Australia fines X for failing to crack down on child abuse content

Australia fines X for failing to crack down on child abuse content
Australia fines X for failing to crack down on child abuse content

We show you our most important and recent visitors news details Australia fines X for failing to crack down on child abuse content in the following article

Hind Al Soulia - Riyadh - SYDNEY — Australia internet safety watchdog has slapped a A$610,500 ($386,000; £317,360) fine on Elon Musk's X for failing to cooperate with a probe into anti-child abuse practices.

It comes after Musk had in as post last November said that "removing child exploitation is priority #1".

The eSafety Commission criticised the firm's "empty talk" on the issue.

Insiders had earlier told the BBC they would not be able to protect users from trolling following mass lay-offs at X.

X, also known as Twitter, has seen a continuous revenue decline since Mr Musk bought it for $44bn last year.

Under Australian laws that took effect in 2021, the regulator can force internet companies to give information about their online safety practices or face a fine. If the fine is not paid, the regulator can pursue the company in court.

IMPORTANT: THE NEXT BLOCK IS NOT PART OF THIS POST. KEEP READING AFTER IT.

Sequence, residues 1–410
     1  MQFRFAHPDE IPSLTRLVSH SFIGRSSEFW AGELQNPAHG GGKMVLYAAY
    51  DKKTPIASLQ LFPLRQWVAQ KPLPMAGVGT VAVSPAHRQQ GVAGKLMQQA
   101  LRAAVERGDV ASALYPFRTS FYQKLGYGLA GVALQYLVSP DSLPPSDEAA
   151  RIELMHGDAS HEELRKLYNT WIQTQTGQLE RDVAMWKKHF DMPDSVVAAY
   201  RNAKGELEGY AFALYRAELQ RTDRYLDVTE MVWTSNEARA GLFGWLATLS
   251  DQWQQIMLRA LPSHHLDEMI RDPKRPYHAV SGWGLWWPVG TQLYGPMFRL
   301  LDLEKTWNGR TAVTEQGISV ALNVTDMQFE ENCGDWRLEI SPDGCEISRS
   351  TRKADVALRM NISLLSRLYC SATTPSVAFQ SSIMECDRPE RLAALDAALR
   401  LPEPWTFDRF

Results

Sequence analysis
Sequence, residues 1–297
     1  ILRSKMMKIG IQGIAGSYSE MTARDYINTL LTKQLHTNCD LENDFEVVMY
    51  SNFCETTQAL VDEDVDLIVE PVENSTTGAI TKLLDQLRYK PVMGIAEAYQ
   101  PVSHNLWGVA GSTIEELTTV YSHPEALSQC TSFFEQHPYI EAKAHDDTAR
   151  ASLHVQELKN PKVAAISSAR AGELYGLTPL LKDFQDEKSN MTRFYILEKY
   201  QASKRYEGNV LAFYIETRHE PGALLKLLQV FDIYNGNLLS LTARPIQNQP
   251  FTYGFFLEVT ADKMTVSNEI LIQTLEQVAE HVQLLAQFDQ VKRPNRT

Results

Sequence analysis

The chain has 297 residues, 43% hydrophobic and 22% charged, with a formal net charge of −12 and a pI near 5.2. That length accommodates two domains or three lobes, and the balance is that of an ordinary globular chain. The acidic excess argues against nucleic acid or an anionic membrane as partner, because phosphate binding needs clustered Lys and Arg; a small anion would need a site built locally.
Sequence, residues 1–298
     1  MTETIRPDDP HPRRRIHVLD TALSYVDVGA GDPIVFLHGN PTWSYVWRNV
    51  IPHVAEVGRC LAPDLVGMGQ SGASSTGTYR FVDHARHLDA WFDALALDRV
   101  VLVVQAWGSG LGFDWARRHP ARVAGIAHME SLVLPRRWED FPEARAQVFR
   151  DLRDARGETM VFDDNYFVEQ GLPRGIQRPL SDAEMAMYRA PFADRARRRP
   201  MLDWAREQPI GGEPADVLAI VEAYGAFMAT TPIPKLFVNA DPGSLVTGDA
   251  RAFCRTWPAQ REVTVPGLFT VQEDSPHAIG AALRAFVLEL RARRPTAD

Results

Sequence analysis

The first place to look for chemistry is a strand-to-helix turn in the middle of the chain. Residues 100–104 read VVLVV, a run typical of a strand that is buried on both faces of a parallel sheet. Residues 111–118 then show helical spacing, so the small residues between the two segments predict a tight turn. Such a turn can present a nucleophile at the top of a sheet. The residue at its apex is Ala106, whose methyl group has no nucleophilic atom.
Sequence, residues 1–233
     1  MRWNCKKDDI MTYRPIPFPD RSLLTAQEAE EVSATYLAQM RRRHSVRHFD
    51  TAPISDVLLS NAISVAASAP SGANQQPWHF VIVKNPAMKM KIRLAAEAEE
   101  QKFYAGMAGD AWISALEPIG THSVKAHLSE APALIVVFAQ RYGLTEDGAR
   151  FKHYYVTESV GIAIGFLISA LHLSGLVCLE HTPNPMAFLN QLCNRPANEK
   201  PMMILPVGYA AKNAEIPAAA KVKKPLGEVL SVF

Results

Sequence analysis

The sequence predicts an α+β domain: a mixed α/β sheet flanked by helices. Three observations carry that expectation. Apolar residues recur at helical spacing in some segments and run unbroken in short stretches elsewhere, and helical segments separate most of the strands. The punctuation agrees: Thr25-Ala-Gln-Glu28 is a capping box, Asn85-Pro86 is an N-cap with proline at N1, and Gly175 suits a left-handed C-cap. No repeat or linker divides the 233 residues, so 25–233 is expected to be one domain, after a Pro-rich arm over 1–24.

Alphabet's Google was also issued a warning for noncompliance with its request for information about handling of child abuse content.

But X's noncompliance was more serious, with the regulator saying the company failed to "provide any response to some questions, leaving some sections entirely blank".

It added that: "Twitter/X did not respond to a number of key questions including the time it takes the platform to respond to reports of child sexual exploitation; the measures it has in place to detect child sexual exploitation in livestreams; and the tools and technologies it uses to detect child sexual exploitation material".

The company confirmed to the regulator that it had cut 80% of its workforce globally and has no public policy staff in Australia, compared to two before Mr Musk's takeover.

Last month, X was criticised by Australian researchers for disabling a feature that allowed users to report misinformation about elections.

The move has fuelled concern as it came ahead of a key Australia referendum which took place over the weekend to give Indigenous people more rights. — BBC

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